The human author, Moses, wasn’t trying to tell the Israelites all the details of how the world was created; he was establishing who created it. Understanding this is the first step to understanding that Genesis was not an instruction manual for how God assembled the earth. Genesis was developing an understanding of who created it. To the Israelites who were in slavery, God was basically saying, “Egyptian gods and goddesses didn’t create the earth, and they didn’t create you: I did.”
God was teaching His people through reminding them who they were: They were His, and He created everything they could see. The Israelite people weren’t looking for scientific answers from the Book of Genesis; they were looking for their identity. They were independent for the first time in nearly five hundred years, and they needed to trust the One who was going to lead them through the wilderness and into their Promised Land.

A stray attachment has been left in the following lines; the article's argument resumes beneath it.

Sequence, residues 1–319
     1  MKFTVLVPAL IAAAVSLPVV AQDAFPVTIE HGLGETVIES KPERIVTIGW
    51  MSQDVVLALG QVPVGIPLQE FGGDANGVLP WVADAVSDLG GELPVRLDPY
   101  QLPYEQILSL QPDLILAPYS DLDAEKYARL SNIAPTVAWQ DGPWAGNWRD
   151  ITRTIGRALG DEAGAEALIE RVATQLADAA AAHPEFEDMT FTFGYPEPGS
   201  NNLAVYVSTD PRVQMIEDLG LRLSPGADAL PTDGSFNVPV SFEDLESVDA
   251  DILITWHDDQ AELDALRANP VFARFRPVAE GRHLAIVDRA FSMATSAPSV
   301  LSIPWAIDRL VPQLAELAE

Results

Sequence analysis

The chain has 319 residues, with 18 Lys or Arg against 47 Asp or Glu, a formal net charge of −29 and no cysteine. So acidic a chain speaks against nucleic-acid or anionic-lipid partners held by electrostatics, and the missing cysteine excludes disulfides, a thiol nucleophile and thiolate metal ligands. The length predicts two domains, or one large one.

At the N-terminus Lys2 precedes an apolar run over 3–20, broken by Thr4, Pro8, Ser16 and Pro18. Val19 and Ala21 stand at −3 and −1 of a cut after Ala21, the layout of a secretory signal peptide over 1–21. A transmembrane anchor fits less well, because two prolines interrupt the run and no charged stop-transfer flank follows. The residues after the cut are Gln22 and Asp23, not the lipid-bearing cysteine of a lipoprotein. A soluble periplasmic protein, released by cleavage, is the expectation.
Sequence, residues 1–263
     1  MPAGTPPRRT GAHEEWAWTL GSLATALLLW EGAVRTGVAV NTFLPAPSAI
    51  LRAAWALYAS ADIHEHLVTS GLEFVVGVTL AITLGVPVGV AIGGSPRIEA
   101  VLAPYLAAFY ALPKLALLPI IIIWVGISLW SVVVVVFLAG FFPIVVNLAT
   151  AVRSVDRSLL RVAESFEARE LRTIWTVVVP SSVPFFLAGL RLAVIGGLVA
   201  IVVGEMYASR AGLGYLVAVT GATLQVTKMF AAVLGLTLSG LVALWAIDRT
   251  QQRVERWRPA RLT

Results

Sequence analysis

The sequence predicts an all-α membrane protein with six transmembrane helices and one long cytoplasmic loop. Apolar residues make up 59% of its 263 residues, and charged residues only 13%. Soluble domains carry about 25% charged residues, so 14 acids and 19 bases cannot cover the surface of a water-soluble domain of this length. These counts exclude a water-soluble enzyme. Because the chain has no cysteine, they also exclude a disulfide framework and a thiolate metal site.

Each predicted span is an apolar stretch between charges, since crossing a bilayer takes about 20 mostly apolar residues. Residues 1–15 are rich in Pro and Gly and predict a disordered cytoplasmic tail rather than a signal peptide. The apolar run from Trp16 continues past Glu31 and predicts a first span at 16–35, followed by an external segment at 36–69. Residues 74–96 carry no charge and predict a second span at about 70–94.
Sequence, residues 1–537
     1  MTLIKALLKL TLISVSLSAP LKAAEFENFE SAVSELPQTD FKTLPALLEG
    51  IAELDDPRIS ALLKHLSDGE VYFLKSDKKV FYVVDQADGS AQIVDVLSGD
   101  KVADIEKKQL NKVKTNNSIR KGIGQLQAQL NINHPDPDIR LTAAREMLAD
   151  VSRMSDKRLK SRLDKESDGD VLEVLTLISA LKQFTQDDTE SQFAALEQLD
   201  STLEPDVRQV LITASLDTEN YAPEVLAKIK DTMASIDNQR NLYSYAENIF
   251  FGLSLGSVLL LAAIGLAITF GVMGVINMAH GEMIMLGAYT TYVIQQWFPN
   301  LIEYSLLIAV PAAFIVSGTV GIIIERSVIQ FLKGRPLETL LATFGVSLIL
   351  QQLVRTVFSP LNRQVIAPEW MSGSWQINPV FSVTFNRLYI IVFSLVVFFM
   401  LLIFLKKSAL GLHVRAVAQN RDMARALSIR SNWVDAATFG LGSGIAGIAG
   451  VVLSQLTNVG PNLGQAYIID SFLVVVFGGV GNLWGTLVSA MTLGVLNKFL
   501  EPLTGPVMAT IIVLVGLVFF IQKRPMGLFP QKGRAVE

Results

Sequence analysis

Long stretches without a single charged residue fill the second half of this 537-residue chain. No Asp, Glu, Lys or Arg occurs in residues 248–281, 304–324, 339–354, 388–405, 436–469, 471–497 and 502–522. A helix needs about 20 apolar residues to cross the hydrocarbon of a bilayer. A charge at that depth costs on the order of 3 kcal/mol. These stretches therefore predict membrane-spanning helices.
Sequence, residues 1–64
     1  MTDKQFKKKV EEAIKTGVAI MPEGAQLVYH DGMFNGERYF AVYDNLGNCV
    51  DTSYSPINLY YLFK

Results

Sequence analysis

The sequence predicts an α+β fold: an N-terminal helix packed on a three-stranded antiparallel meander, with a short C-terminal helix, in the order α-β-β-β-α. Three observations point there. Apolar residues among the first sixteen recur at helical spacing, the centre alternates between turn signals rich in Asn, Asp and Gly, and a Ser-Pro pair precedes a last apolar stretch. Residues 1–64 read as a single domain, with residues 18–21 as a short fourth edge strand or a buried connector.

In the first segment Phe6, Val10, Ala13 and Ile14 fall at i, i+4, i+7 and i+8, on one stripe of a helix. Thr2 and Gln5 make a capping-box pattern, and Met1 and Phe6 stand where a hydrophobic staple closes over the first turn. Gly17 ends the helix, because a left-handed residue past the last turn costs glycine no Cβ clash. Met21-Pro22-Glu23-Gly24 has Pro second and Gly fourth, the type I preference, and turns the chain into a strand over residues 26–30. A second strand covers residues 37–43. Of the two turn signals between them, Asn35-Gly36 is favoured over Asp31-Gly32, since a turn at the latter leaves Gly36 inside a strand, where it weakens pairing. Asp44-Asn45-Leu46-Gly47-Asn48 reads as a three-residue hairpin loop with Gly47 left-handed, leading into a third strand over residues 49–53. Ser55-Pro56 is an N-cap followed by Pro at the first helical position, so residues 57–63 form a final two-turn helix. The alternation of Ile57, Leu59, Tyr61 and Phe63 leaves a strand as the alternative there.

You probably have scientific questions about Genesis. But before you bring modern understandings to the biblical text, try putting yourself in the sandals of the ancient Israelites, and think of the questions they might have had about their identity as a newly freed people. Try to think about the human author, Moses, and how he passed on the message he was inspired to write. He used the language and history he knew. And ultimately, think of the One who inspired these words, God, and what He wants to communicate out of this text. The truth He’s delivering is timeless, and it’s worth digging through the cultural context of the author and first audience to find it.
Remember that the Bible was written for us, not by us. So yes, you can believe the Bible and still learn from science. They’re often answering completely different questions. Sometimes what seems like differences aren’t really differences at all.